Limits on cell phone searches

The U.S. Supreme Court has now held that law enforcement officers must get a search warrant for most cell phone searches.

“Modern cellphones are not just another technological convenience. With all they contain and all they may reveal, they hold for many Americans the privacies of life,” Chief Justice John Roberts wrote in Riley v. California, one of two cases on the issue decided on June 25.

The federal government and the state of California argued that cell phone searches should be allowed under the same rationale that allows police to empty a suspect’s pockets and examine whatever they find to ensure officers’ safety and prevent the destruction of evidence. But the court agreed with the defendants, saying that the comparison was not accurate. A cell phone is simply too powerful, and may hold far too much private information, to allow a warrantless search in most situations.

The court did acknowledge that there may be legitimate concerns about the destruction of evidence; when those concerns arise, steps can be taken to prevent a person from remotely erasing a phone’s contents or activating encryption.

There is a long-standing exception to the warrant requirement when officers reasonably fear for their safety or the lives of others — such as a bomb threat or a kidnapping case. The court also left that possibility open.

In the San Diego case, police looked through David Riley’s smartphone after his arrest and found video and photos indicating gang membership, which they used to convict him of attempted murder and other charges. California courts had upheld the convictions and use of the evidence; the California Supreme Court must now take another look at Riley’s case.

In the Boston case, Brima Wurie was arrested on suspicion of selling crack cocaine. Police checked the call log on his flip phone and used it to figure out where he lived. They got a warrant to search his home, where they found crack, marijuana, a gun and ammunition. He was convicted and sentenced to more than 20 years. The federal appeals court ruled that police must have a warrant before searching arrestees’ cellphones, reversing most of the convictions, but upholding his conviction for selling cocaine near a school, a charge unrelated to the tainted evidence. The administration appealed the court ruling because it wants to preserve the warrantless searches following arrest. More, including the opinion, from the SCOTUS blog.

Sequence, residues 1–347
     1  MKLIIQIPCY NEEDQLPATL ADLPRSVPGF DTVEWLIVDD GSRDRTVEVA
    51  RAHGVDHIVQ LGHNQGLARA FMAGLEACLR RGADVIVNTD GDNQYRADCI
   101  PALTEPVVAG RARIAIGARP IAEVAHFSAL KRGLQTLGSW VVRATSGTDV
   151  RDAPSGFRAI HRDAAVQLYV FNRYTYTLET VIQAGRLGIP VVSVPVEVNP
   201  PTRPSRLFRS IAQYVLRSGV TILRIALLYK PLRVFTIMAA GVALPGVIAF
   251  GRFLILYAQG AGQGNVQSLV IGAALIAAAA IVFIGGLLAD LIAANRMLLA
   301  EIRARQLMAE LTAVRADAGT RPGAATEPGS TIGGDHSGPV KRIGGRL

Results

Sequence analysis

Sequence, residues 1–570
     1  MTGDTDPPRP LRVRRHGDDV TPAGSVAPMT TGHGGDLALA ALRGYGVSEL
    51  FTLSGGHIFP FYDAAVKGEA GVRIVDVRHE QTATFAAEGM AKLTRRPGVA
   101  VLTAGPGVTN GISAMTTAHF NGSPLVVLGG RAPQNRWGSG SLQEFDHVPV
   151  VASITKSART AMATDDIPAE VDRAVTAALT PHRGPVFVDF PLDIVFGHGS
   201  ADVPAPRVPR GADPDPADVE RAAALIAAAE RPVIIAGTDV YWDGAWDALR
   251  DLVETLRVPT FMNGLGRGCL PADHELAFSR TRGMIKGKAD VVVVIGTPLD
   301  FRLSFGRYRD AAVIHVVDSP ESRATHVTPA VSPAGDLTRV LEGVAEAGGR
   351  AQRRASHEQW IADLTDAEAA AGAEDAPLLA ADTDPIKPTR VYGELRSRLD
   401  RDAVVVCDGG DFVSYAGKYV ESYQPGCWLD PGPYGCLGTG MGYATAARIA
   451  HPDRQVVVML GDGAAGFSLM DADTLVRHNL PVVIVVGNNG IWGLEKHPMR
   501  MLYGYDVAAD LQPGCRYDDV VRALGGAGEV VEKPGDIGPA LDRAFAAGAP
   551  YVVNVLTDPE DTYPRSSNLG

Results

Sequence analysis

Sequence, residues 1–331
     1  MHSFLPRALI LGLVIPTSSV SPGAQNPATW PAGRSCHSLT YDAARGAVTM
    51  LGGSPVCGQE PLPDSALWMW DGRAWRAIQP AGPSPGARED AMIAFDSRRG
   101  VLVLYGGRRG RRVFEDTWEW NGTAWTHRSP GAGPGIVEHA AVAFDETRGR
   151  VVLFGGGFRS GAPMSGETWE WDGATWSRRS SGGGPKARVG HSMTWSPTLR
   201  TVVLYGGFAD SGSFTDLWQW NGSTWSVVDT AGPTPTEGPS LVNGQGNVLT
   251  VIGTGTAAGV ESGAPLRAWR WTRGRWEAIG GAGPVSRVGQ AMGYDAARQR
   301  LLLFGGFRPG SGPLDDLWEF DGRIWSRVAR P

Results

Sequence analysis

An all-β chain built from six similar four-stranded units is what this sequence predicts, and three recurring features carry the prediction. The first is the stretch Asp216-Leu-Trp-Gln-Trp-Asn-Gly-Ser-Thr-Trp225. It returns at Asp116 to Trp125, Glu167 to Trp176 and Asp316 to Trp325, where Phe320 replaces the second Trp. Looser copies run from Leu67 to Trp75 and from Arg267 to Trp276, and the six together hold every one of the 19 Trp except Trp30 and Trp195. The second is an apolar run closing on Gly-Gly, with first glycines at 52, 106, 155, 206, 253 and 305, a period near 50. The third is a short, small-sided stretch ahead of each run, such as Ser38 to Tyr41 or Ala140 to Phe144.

Consider how you can use this to help your characters, or create more obstacles.   

The Case of the Juror with Twitchy Thumbs

In recent years, trial judges have had to expand the instruction given to jurors at the beginning of trial that they may not read any news accounts of the trial or do any independent research to include the admonition not to Tweet, blog, or post on Facebook about the trial until the case is over.  Many also remind jurors not to use their cell phones during the trial.

According to the Oregonian newspaper, a trial judge in Salem, Oregon noticed a glow on a juror’s chest while the courtroom lights were dimmed so jurors could watch a surveillance video. The juror was texting.

And spent the next two days in jail for contempt of court.


Ripped from the headlines — tracking a suspect with his cell phone

Yesterday I wrote about some of the legal issues in searching cell phones. Today, the Washington Post reports about the search for computer software millionaire John McAfee–your computer may run antivirus software from the company he founded–wanted for questioning in a neighbor’s death in November, and how a hacker used information embedded in a photo McAfee sent to track him down in Guatemala. Part cautionary tale about the info our smart phones reveal (well, yours–I don’t have one), and part intriguing story of genius gone astray. No matter which, it offers lots of potential for complicating your own stories of mystery and intrigue.